The force also should reflect an aware­ness that tomorrow’s needs may dif­fer sig­nif­i­cant­ly from those of today, he added.

Deci­sions have been made in allied cap­i­tals over the past two years to rad­i­cal­ly cut defense spend­ing and reduce force size and struc­ture, Miller said. Allies gen­er­al­ly have com­mu­ni­cat­ed changes in defense plans to NATO, but the infor­ma­tion “often fails to pro­vide a suit­able base for plan­ning,” he added.

“Once nation­al force struc­tures are known with greater reli­a­bil­i­ty and pre­ci­sion, we can work to defend our most vital capa­bil­i­ties,” the under­sec­re­tary said.

“Smart defense” — a con­cept that encour­ages allies to coop­er­ate to devel­op, acquire and main­tain mil­i­tary capa­bil­i­ties in accor­dance with the strate­gic con­cept — plays a fun­da­men­tal role, Miller said.

As part of its prepa­ra­tions for the sum­mit in Chica­go, the under­sec­re­tary rec­om­mend­ed that NATO take sev­er­al steps.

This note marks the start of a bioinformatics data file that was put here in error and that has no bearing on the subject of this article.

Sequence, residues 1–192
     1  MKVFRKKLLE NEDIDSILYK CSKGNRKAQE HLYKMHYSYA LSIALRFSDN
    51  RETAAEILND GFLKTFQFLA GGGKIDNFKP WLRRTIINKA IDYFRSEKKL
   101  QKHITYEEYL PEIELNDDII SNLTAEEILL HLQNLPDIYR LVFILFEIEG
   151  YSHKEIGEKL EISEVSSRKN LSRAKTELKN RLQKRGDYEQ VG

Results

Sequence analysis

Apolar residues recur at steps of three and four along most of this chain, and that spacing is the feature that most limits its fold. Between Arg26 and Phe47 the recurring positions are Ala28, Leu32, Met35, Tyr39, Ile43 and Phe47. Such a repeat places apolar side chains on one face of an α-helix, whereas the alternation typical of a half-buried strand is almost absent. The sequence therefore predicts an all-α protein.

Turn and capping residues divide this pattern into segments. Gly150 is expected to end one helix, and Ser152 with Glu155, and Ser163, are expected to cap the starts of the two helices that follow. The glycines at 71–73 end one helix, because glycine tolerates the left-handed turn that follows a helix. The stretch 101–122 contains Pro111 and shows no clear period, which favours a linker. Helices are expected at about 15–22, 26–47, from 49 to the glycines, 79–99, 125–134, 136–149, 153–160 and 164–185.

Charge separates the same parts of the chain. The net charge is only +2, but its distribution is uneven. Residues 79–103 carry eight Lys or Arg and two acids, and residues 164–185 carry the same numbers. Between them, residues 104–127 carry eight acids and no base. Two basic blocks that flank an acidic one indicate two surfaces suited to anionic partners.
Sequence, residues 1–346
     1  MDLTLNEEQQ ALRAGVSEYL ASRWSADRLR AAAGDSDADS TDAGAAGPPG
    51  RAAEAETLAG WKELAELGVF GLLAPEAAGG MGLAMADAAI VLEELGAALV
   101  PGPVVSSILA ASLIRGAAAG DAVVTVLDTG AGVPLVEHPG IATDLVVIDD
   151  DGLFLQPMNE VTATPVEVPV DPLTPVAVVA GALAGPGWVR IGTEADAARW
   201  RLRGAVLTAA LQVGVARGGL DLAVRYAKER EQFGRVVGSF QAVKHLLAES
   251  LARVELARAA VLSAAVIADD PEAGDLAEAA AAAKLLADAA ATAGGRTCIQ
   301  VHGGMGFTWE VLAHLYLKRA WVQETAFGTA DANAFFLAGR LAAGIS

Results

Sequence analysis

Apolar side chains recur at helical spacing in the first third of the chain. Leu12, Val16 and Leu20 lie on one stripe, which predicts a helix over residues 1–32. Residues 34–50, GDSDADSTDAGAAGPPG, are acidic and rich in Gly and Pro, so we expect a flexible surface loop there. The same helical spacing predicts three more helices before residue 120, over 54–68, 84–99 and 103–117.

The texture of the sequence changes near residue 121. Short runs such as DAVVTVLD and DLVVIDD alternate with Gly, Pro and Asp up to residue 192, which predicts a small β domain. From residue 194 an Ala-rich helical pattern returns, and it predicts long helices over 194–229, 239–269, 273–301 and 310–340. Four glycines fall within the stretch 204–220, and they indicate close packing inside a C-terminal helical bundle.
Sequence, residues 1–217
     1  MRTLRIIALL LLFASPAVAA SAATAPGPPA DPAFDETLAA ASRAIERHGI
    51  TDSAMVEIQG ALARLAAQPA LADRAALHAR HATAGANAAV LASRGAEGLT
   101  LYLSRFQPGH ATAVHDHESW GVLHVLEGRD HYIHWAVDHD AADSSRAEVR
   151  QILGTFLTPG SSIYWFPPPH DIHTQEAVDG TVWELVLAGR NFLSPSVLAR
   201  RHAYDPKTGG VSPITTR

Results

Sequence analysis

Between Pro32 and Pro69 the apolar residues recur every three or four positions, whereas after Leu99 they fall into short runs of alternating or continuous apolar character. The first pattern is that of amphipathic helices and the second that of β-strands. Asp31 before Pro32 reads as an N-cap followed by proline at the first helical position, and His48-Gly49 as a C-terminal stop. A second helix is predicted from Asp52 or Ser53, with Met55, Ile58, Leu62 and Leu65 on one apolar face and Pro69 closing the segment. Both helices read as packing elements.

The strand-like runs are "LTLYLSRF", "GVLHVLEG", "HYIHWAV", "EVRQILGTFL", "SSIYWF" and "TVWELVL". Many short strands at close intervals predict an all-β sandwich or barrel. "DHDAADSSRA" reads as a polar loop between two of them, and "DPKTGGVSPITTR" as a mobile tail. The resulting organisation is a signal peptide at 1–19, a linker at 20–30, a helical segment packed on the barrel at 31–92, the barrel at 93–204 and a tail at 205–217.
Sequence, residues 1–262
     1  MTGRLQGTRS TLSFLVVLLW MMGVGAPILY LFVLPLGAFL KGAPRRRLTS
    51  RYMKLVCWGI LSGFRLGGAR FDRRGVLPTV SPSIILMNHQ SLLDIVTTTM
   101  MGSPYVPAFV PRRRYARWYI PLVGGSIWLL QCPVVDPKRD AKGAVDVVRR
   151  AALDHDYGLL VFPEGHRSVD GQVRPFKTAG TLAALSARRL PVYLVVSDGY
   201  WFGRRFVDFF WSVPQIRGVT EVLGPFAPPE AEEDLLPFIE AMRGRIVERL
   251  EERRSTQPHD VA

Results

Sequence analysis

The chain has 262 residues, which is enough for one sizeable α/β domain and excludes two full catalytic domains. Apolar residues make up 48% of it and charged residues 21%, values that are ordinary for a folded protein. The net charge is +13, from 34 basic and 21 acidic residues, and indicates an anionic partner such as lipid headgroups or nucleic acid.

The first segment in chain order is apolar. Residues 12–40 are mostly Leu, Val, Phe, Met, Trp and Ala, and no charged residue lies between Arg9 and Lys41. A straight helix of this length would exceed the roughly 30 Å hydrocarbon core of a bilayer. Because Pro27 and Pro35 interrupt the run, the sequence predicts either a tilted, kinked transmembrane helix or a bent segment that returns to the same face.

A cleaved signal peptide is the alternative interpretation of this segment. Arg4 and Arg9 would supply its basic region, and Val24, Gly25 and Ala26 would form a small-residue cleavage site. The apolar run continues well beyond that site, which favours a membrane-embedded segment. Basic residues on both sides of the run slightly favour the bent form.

Allied Com­mand Trans­for­ma­tion offi­cials have iden­ti­fied 20 to 30 “Tier 1” multi­na­tion­al projects as can­di­dates for greater resource pool­ing, he said. The project list should be expand­ed and ranked by pri­or­i­ty, he added, based on how they con­tribute to the alliance’s min­i­mum-capa­bil­i­ty require­ments.

Along with these projects, between now and the sum­mit in Chica­go, NATO should pre­pare a short list of high-vis­i­bil­i­ty multi­na­tion­al pro­grams that could be devel­oped under the smart defense frame­work.

“These should be real­is­tic and afford­able, but under­score the alliance’s renewed com­mit­ment to deliv­er required capa­bil­i­ties over the next 10 years, even in times of pro­found aus­ter­i­ty,” Miller said.